How many people here agree with Holden? [Actually, who agrees with Holden?]

by private_messaging1 min read14th May 2012106 comments

3

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I was wondering - what fraction of people here agree with Holden's advice regarding donations, and his arguments? What fraction assumes there is a good chance he is essentially correct? What fraction finds it necessary to determine whenever Holden is essentially correct in his assessment, before working on counter argumentation, acknowledging that such investigation should be able to result in dissolution or suspension of SI?

It would seem to me, from the response, that the chosen course of action is to try to improve the presentation of the argument, rather than to try to verify truth values of the assertions (with the non-negligible likelihood of assertions being found false instead). This strikes me as very odd stance.

Ultimately: why SI seems certain that it has badly presented some valid reasoning, rather than tried to present some invalid reasoning?

edit: I am interested in knowing why people agree/disagree with Holden, and what likehood they give to him being essentially correct, rather than a number or a ratio (that would be subject to selection bias).

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I think most people on this site (including me and you, private messaging/Dmytry) don't have any particular insight that gives them more information than those who seriously thought about this for a long time (like Eliezer, Ben Goertzel, Robin Hanson, Holden Karnofsky, Lukeprog, possibly Wei Dai, cousin_it, etc.), so our opinion on "who is right" is not worth much.

I'd much rather see an attempt to cleanly map out where knowledgeable people disagree, rather than polls of what ignorant people like me think.

Similarly, if two senior economists have a public disagreement about international trade and fiscal policy, a poll of a bunch of graduate students on those issues is not going to provide much new information to either economist.

(I don't really know how to phrase this argument cleanly, help and suggestions welcome, I'm just trying to retranscribe my general feeling of "I don't even know enough to answer, and I suspect neither to most people here")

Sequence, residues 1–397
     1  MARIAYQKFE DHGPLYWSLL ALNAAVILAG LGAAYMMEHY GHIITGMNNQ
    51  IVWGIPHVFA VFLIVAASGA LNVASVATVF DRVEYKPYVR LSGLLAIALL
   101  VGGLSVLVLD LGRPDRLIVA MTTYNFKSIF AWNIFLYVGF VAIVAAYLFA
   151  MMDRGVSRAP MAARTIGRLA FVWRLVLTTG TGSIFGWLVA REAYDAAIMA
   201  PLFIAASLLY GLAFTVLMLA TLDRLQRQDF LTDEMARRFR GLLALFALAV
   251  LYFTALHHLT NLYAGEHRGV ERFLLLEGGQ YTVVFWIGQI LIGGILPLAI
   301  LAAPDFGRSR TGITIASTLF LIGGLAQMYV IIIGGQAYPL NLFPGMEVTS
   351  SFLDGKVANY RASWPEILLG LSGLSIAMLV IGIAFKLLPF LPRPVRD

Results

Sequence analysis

(I don't really know how to phrase this argument cleanly, help and suggestions welcome, I'm just trying to retranscribe my general feeling of "I don't even know enough to answer, and I suspect neither to most people here")

I would phrase it as holding off judgement until we hear further information, i.e. SI's response to this. And in addition to the reasons you give, not deciding who's right ahead of time helps us avoid becoming attached to one side.

8Emile9yI think what's needed isn't further information as much as better intuitions, and getting those isn't just a matter of reading SIAI's response. A bit like if there's a big public disagreement between two primatologists that spent years working with chimps in Africa, about the best way to take a toy from a chimp without your arm getting ripped off. At least one of the primatologists is wrong, but even after hearing all of their arguments, a member of the uninformed public can't really decide between them, because there positions are based on a bunch of intuitions that are very hard to communicate. Deciding "who is wrong" based on the public debate would be working from much less information than either of the parties (provided nobody appears obviously stupid or irrational or dishonest even to a member of the public). People seem more ready to pontificate on AI and the future and morality than on chimpanzees, but I don't think we should be. The best position for laymen on a topic on which experts disagree is one of uncertainty

The primatologists' intuitions would probably stem from their direct observations of chimps. I would trust their intuitions much less if they were based on long serious thinking about primates without any observation, which is likely the more precise analogy of the positions held in the AI risk debate.

7asr9yAGI research is not an altogether well-defined area. There are no well-established theorems, measurements, design insights, or the like. And there is plenty of overlap with other fields, such as theoretical computer science. My impression is that many of the people commenting have enough of a computer science, engineering, or math background to be worth listening to. The LW community takes Yudkowsky seriously when he talks about quantum mechanics -- and indeed, he has cogent things to say. I think we ought to see who has something worth saying about AGI and risk.
-5private_messaging9y
0private_messaging9yWell, I spent many years of my life studying technical topics, and have certain technical accomplishments, so it is generally a bad strategy for me to assume superior knowledge for anyone who 'thought longer' about a subject; especially if it may be the case that it is not very hard to see that nothing conclusive could be concluded about the topic at the time, or the tool (mathematics) are not yet where they should be. Furthermore, if I am to look at your list, those whom I disagree the most with (Eliezer, Lukeprog) appear to have least training in the subject matter (and jumped onto a very difficult subject without doing any notable training with good feedback). Lukeprog in particular has been doing theology till age of 22 and inevitably picked up a plenty of bad habits of thought; if I were him I would stay clear of things that can trigger old conditioned theist instincts, leaving those perhaps to people who never had such instincts conditioned into them in the first place. (I originally thought Luke was making BS but it seems to me now he is only still acting as a vehicle for the religious BS and could improve over the time)